There were individuals who paved the path for each one of us, especially for President Weah. It is important to reflect on some of their contributions. The election of President Weah is not accidental, but years of determination, struggle and persistent democratic forces that helped to usher in our present political realities in Liberia. Some people have the impression that the underdevelopment in Liberia, especially within the southeastern region, is not accidental. It was a calculated by the power players in Liberia, from 1847 to 1980. The bravery by Klaos (Kru) have been documented in the world, especially in West Africa.
Even European writers have reported about the determination of this tribe. One wrote: “The Kru (Klao) people are an African tribe of coastal southeastern Liberia and neighboring Cote d’Ivoire (Ivory Coast). The tribe is known for sailing. Many of the Kru people also migrated to neighboring areas such as Sierra Leone to look for work as fishermen and dockworkers. The Kru along with the Grebo, resisted Americo-Liberians, especially Maryland settlers’ efforts to control their trade. They were also infamous among early European enslavers as being especially opposed to capture (https://blackthen.com/kru-people-an-african-tribe-that-refused-to-be-captured-into-enslavement/).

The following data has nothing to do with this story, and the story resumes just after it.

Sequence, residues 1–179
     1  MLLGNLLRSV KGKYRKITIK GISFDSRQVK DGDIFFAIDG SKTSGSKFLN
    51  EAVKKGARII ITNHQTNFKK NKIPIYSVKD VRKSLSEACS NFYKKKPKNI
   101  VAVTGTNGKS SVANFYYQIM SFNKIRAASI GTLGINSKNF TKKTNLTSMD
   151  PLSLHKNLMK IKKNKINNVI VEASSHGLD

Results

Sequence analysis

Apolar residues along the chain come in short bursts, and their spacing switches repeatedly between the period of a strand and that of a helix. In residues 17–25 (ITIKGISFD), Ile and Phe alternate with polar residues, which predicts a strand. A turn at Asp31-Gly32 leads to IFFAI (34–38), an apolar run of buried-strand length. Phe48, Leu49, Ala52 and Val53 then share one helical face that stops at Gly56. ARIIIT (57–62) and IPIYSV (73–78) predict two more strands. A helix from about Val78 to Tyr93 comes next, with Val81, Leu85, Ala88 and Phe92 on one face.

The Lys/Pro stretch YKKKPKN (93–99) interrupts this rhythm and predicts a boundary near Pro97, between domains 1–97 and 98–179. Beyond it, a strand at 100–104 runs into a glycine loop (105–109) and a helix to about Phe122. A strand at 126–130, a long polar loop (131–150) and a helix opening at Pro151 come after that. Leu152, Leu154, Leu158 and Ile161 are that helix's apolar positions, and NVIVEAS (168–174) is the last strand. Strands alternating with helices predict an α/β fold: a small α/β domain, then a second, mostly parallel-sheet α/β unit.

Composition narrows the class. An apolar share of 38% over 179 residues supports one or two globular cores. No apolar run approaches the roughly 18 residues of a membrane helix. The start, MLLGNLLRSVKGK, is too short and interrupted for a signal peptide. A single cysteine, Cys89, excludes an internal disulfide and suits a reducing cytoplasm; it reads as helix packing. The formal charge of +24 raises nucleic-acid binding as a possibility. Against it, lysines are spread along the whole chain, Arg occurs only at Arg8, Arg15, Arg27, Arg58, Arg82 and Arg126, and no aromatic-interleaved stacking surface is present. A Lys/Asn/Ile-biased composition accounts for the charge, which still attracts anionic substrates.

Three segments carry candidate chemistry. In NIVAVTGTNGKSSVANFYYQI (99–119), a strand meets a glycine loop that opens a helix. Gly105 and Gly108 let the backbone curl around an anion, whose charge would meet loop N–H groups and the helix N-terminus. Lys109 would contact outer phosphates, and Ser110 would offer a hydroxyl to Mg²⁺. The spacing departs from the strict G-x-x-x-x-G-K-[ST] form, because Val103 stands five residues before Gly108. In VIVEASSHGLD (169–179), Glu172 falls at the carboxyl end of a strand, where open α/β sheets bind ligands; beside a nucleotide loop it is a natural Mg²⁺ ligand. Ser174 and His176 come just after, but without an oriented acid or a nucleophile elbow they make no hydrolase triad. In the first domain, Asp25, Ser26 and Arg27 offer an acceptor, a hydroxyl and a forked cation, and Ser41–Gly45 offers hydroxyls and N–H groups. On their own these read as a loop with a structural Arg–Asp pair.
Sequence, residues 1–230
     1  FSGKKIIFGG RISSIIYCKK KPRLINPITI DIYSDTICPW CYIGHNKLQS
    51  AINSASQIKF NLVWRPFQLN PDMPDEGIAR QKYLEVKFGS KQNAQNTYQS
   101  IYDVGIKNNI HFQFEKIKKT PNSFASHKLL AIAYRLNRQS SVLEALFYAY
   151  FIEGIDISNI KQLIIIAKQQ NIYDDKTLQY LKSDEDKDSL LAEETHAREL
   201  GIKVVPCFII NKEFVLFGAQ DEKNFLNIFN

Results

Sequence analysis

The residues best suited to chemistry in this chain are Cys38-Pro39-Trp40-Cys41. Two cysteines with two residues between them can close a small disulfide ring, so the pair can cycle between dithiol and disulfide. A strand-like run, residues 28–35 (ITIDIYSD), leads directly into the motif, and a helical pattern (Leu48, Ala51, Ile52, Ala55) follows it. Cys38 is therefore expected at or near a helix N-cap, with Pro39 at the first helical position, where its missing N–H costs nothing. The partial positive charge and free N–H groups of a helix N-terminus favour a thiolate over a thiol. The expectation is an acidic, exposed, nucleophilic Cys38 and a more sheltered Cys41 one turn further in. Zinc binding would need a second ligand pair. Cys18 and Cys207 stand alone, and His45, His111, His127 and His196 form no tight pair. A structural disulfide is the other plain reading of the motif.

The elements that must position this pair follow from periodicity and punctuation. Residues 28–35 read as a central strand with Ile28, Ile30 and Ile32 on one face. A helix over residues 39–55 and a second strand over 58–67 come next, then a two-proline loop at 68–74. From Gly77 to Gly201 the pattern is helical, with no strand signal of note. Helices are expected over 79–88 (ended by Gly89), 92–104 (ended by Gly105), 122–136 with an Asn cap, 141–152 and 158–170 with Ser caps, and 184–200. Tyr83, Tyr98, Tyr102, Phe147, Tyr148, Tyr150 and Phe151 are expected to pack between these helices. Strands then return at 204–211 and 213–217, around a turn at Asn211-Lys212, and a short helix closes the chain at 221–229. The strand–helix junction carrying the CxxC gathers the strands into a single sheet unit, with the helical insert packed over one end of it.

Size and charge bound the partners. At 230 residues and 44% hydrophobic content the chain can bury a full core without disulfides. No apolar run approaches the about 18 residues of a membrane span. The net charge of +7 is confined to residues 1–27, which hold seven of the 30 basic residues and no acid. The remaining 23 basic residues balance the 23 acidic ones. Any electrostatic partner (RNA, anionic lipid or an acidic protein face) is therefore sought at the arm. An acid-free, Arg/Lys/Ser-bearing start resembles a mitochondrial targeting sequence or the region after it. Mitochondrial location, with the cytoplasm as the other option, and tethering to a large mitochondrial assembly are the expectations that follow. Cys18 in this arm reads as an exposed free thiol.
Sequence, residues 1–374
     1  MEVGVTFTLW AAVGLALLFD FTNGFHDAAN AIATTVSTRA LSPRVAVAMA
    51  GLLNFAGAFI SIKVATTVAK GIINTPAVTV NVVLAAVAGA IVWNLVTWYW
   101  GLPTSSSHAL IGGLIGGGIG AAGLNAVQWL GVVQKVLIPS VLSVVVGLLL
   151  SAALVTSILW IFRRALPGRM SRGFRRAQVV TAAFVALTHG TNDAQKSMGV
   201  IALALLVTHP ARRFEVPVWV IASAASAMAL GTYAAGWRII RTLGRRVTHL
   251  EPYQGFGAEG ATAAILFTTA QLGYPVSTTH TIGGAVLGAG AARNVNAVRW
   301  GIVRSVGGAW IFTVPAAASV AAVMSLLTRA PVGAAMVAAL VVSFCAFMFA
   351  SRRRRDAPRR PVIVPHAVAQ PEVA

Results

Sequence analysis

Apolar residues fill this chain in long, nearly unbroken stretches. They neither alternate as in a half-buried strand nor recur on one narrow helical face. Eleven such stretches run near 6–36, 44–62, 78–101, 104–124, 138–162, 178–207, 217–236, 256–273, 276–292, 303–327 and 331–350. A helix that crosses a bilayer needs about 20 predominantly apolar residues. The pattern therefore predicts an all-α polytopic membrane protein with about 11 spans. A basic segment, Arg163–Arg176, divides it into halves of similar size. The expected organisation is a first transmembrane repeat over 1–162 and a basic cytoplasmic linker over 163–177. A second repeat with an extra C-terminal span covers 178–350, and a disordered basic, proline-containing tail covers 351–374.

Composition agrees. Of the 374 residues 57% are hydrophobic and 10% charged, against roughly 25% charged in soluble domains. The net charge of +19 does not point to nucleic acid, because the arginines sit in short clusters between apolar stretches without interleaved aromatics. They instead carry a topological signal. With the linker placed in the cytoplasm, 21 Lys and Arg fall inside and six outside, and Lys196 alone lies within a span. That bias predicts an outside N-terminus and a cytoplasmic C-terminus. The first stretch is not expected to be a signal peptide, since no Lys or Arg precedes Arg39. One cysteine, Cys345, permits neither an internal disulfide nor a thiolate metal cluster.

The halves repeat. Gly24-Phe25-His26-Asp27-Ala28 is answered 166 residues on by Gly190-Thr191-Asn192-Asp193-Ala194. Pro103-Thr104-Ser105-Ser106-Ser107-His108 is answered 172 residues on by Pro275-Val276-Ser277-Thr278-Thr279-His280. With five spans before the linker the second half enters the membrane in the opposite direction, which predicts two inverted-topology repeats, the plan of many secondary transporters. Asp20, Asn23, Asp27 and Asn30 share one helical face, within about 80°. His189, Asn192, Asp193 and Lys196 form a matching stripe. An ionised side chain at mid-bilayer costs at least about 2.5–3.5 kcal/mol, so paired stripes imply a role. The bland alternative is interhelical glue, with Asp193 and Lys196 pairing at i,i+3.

History, according to Robert Penn Warren (a poet, novelist, and literary critic), cannot give us a program for the future but it can give us full understanding of ourselves and our common humanity, so that we can better face the future. Professor J. Corfield also pointed out in her article that revisiting a country’s history helps us to understand the linkages between her past and present. Understanding a nation’s history is not just ‘useful’, it is essential (royalholloway.ac.uk).
Notable personality, is Didwho Twe…. (pronounced Dee-Woo). An African scholar pointed out that this great African “was born in Monrovia on April 14, 1879 to Klao (Kru) parents. He was light in complexion, with a cicatrice on his forehead, a mark that distinguished people of Klao ethnic group from other indigenous tribes. Welleh Didwho Twe received his early education from the American Methodist and Trinity Episcopal institutions, as well as Patsy Barclay Private School. Also, he graduated from Cuttington Collegiate and Divinity School in Cape Palmas, Maryland (Liberia). In 1894, a US Congressman by the name of William Grout assisted Twe to travel to the United States to further his studies. During his stay in the United States, Twe attended several institutions, which included, St. Johnbury Academy in Vermont, Cushing Academy in Ashburnham, Massachusetts, Rhode Island University, where he received his Master’s degree, and later studied agriculture at Columbia and Harvard universities” (Taken from Siahyonkron Nyanseor’s Liberian History Archive).
On July 27, 1944, Hon. Didwho Twe was Liberia’s Independence Day guest speaker in Monrovia. He spoke on the following topic: The Future in Liberia.